Case Steam Rollers, Scale Wood Bros. Engine, Geiser Mfg. Info: Readers Share

Past and Present: Letters about traction engines and threshers


| Spring 2007



Case_roller-Web

A 40 HP Case steam road roller takes a break during its showing at the 2006 Western Minnesota Steam Threshers Reunion, Rollag, Sept. 1-4, 2006. An article about Case steam rollers inspired readers to share their knowledge about the company's steam rollers.

Case Steam Road Roller Information

Regular contributor Robert T. Rhode (e-mail: case65@earthlink.net) and Raymond L. Drake (e-mail: raymond88@earthlink.net) write in this issue to share what they’ve learned about production data on Case steam rollers. Bob and Ray write:

We would like to compliment Bill Vossler on his fine article “A Tale of Two Steam Road Rollers” in the Winter 2007 issue of Steam Traction.

When we were doing our research for our book, Classic American Steamrollers 1871-1935 Photo Archive, we viewed as many extant rollers as possible and discovered major discrepancies between the known lists of production figures of Case steam rollers. All too often, we would find a Case roller, and, when we compared the serial number of this machine to several of the published production lists available, there was no correlation between the two.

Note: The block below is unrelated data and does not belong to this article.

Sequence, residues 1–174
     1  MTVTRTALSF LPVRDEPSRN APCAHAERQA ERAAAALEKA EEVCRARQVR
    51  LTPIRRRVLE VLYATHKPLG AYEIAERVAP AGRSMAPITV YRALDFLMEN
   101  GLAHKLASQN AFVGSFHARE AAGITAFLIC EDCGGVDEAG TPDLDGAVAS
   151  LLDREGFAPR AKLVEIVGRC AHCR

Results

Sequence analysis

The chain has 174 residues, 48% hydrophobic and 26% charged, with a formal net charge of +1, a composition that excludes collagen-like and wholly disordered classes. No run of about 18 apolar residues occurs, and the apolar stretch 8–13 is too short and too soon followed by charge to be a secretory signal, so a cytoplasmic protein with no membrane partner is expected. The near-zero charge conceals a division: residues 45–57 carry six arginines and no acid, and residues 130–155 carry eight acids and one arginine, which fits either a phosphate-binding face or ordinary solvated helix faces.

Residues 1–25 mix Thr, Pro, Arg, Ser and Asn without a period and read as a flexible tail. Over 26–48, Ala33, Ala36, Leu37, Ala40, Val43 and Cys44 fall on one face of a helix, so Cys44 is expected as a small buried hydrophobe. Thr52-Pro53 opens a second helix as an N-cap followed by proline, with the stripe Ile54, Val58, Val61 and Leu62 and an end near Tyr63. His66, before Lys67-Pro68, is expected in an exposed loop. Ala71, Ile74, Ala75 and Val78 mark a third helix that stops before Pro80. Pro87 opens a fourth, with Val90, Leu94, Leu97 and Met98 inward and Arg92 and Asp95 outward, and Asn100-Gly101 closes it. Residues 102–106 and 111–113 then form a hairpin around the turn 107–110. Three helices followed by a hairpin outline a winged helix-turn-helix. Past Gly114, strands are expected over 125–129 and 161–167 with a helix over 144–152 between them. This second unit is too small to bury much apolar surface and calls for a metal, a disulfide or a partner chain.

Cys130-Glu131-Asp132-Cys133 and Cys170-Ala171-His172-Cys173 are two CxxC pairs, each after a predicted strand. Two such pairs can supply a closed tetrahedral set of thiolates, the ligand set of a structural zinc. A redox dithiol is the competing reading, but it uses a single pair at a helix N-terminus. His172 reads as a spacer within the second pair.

For instance, we took the serial number of a known 40 HP Case roller, and, at the time we found it on one of the lists, we discovered that it was erroneously cataloged as a 40 HP traction engine. We are happy to inform fellow steam preservationists that at least one list has no inaccuracies that we were able to find, and it was first published by David Erb, former editor of Old Abe’s News. We recommend to steam aficionados trying to identify Case steam rollers that this is the list they should consider to be the final authority. See the production statistics in "Case Steam Roller Production," directly below this writing, which is a general overview of Case roller production figures from our book.

According to the figures, Case built 678 10-ton steam rollers and 29 12-ton rollers, for a combined total of 707 steam rollers.

We always enjoy hearing from other road roller enthusiasts, and we would like to encourage our fellow preservationists to contact us with any information they have and to ask any questions that may arise. We have found that many preservationists have in their collections photos of unknown or unidentified road rollers. We want to state that we are always happy to assist in identifying these machines.